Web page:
To the point of the post though, I am 100% against federal money in education. Whether through vouchers or otherwise. Your points regarding federal aid in college is spot on the money. Federal aid has been an absolute disaster, making it nearly impossible for the average family without federal aid, and huge loans that they end up paying back for most of their adult life.

(Which, of course, makes Ron Paul managing to send his kids to college w/out a penny of federal aid for exactly this reason so much more impressive)

12:40 PM  
Blogger Darrell said...

Do you know Eric? Which book did you read?

I think it is fine for churches to be heavily involved in education. In the OT, one of the primary Levitical roles was teaching. I think the church can, indeed should, support efforts of parents to get their kids out of state schools.

That being said, I think churches should assist and not necessarily run schools. The line is a fine one, but I think important. Ultimately, Christian schools are under God's authority, not under the thumbs of denominational leaders.

7:52 PM  
Blogger Shamgar said...

I don't know him personally, no. I know of him. A friend of mine who lives up there in IN told me about him. The book I have is "Turn neither Right nor Left".

I think I definitely agree regarding church run schools and denominational thumbs. It took me a minute to adjust my thinking. Being a baptist (and a reformed one at that) my views of local church autonomy and polity clouded my initial understanding of your point a little. :-)

8:43 AM  
Blogger Darrell said...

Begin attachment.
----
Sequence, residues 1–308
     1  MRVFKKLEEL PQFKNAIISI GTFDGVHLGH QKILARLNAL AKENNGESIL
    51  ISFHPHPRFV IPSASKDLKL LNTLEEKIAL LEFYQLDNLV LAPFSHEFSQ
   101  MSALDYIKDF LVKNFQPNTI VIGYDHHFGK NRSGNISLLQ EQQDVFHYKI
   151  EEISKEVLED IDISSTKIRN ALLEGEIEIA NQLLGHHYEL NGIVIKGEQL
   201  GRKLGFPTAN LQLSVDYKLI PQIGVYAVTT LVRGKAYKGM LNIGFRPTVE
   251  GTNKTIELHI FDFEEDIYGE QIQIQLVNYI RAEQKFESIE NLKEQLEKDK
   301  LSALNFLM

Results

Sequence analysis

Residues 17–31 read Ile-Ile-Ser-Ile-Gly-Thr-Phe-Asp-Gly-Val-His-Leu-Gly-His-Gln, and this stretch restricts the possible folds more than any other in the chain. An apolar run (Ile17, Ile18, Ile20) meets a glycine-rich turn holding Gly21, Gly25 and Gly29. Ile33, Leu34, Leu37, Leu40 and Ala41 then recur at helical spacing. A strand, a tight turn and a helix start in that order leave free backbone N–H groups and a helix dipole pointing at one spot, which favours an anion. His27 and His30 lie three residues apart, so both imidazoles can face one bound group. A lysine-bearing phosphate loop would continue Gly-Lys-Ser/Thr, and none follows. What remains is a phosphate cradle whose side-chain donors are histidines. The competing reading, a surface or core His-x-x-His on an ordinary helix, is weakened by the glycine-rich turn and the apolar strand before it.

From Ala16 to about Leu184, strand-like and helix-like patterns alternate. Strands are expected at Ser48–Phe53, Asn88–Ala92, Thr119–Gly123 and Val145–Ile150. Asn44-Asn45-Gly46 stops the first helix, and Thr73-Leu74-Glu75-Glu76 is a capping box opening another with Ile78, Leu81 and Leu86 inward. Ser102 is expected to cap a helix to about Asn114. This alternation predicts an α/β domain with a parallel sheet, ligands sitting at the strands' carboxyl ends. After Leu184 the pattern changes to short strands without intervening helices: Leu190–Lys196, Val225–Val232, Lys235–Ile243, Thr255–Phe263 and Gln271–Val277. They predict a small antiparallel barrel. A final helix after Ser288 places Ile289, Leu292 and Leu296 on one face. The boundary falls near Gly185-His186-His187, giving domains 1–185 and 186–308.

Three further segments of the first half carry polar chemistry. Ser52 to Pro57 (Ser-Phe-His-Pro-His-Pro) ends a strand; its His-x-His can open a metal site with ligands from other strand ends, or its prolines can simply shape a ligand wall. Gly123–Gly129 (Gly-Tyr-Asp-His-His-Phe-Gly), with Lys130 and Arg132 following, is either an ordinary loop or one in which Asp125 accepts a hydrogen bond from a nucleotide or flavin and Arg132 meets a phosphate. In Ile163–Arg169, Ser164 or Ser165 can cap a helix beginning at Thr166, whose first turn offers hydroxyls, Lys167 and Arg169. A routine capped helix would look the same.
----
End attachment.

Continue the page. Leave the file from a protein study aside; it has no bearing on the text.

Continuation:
My boys are currently homeschooled, but my oldest attended a Christian pre-school and Kindergarten. Both were held in a church, but separate from it.

In my area, we also visited a Lutheran school and a classical Christian school housed in a Baptist church and considered another classical school at a Reformed Baptist church.

As you can see, I don't have any difficulty at all with churches assisting parents and families in educating their kids.

Indeed, Baptists should be building such institutions if we are going to call parents to remove their kids from state schools.

6:15 AM  
Blogger Eric Schansberg said...

Darrell's opening wraps up with:
As with many libertarian and conservative supporters of vouchers, Eric believes a voucher program would protect the religious freedom of parents and students, result in taxpayer savings, and ultimately improve educational services by breaking the monopoly of state schools.

This is accurate as far as it goes, but I would have written it somewhat differently. These differences help me address some of his later concerns, so I'll go ahead and make the points here:

1.) I would say instead that "A voucher program would not necessarily compromise the religious freedom of parents and students significantly." (In other words, I would express this as a negative rather than a positive.) Vouchers might have the worrisome impact Darrell worries about-- for a variety of reasons-- but it is not necessary.

2.) I would add that "Greater competition would be an especial boon for those in the lower income classes, especially in the inner cities." In my view, this is a vital addition to the discussion, since we're talking about fighting against gross injustices propagated by the government against many of its most vulnerable citizens. One can easily make a Biblical case for Christian advocacy in such cases.

Following up on #1: